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ERIC Number: ED559067
Record Type: Non-Journal
Publication Date: 2014-Feb-11
Pages: 44
Abstractor: ERIC
Reference Count: N/A
The 10th Annual AP® Report to the Nation
College Board
From the moment students step into an Advanced Placement Program® (AP®) classroom, they notice the difference in the teacher's approach to the subject, in the attitude of their classmates, in the new way of thinking the curriculum requires. More than just a class, AP is a community of students and educators who are passionate, curious, and committed to academic excellence. In AP classrooms, students examine texts, data, and evidence with great care, learning to analyze source material, develop and test hypotheses, and craft effective arguments. They engage in intense discussions, solve problems collaboratively, and learn to write and speak clearly and persuasively. The Advanced Placement Program®--the collaborative community of AP teachers and students, states, districts, schools, colleges, and universities committed to the daily work of developing college-level knowledge and skills--has grown significantly in the past 10 years. This expansion is built on the deep conviction that all students who are academically prepared--no matter their location, background, or socioeconomic status--deserve the opportunity to access the rigor and benefits of AP. When compared to their matched peers, research consistently shows that students who score a 3 or higher on an AP Exam typically: (1) Earn higher GPAs in college; (2) Perform as well or better in subsequent college courses in the discipline than non-AP students who took the introductory class in college; (3) Take more--not less--college course work in the discipline; (4) Are more likely to graduate college within five years; and (5) Have higher graduation rates. When students succeed on AP Exams, it means that their mastery of college-level content and skills has been externally validated by experts in the field. This validation is honored by thousands of colleges and universities around the world, who award credit, placement, or both for the demonstrated accomplishments of these motivated students. The expansion of AP has nearly doubled the number of students who have been given access to the opportunity of AP, more than quadrupled the number of low-income graduates who have been given this opportunity AND the expansion has resulted in a larger increase in successful AP experiences than not, a tribute to the educators who have worked hard to prepare many more students and to the students who have embraced the opportunity. However, there are more academically ready students out there who are not participating. Nearly 300,000 students in the class of 2013 with potential to succeed in AP graduated having never participated in a matched AP course. The next step toward equitable access and responsible expansion is to identify those students with potential, using validated tools, and ensure they have the AP opportunities they have earned. The hope of College Board is to accomplish two things with this 10th Annual AP Report to the Nation: (1) to celebrate the AP community's hard work and incredible achievement; and (2) to highlight areas for continuous improvement. The appendix contains the following tables: (1) "Participation" presents the Total Number of Graduates by State 2003-2013, Number of Graduates Who Took an AP Exam During High School, and Percentage of Graduates Who Took an AP Exam During High School. (2) "Success" presents the Number of Graduates by state 2003-2013 who Scored 3+ on an AP Exam During High School, and the percentage of Graduates Who Scored 3+ on an AP Exam During High School.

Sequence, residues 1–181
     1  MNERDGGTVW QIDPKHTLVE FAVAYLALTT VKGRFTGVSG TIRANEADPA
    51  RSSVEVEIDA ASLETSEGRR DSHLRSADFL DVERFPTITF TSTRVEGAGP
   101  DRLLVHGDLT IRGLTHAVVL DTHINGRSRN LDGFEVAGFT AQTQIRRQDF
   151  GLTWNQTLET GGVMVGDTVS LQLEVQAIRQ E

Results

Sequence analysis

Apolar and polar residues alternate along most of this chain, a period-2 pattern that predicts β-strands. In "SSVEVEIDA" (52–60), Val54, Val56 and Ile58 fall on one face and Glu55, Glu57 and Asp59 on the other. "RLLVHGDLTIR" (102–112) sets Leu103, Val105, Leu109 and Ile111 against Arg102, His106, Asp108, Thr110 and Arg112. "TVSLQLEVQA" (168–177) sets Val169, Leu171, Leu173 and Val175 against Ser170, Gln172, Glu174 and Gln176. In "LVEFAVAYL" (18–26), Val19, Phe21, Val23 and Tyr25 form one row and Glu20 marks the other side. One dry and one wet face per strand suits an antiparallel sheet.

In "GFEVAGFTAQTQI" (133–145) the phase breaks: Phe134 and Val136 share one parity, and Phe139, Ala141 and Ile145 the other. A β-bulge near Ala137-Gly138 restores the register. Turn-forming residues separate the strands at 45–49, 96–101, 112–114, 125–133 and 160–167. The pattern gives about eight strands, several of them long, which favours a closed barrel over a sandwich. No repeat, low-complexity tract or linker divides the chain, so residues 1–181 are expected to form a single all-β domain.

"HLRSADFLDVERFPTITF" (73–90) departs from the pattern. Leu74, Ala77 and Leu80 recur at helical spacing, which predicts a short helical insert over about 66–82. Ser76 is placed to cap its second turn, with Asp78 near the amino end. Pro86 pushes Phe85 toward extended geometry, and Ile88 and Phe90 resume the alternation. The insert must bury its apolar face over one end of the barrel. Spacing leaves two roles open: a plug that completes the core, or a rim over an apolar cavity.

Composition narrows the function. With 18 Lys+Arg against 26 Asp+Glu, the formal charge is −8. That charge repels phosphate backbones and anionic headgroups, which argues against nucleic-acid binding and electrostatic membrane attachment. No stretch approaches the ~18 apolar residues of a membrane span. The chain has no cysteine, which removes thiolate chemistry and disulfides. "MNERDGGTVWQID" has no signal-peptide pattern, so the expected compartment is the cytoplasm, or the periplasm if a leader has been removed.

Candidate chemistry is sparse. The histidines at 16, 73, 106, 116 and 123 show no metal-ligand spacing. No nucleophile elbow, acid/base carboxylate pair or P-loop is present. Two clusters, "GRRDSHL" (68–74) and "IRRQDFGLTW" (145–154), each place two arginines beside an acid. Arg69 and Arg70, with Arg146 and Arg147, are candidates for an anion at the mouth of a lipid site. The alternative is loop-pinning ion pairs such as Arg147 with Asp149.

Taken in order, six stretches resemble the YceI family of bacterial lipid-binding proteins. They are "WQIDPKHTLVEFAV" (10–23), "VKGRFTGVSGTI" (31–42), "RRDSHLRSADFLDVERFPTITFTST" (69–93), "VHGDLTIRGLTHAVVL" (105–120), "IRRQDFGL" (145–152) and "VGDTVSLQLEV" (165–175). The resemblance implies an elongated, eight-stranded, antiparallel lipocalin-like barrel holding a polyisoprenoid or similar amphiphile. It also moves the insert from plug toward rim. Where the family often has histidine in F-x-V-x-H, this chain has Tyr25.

College Board. 250 Vesey Street, New York, NY 10281. Tel: 212-713-8000; e-mail:; Web site:
Publication Type: Numerical/Quantitative Data; Reports - Evaluative
Education Level: High Schools; Secondary Education
Audience: Teachers; Policymakers
Language: English
Sponsor: N/A
Authoring Institution: College Board
Identifiers - Location: United States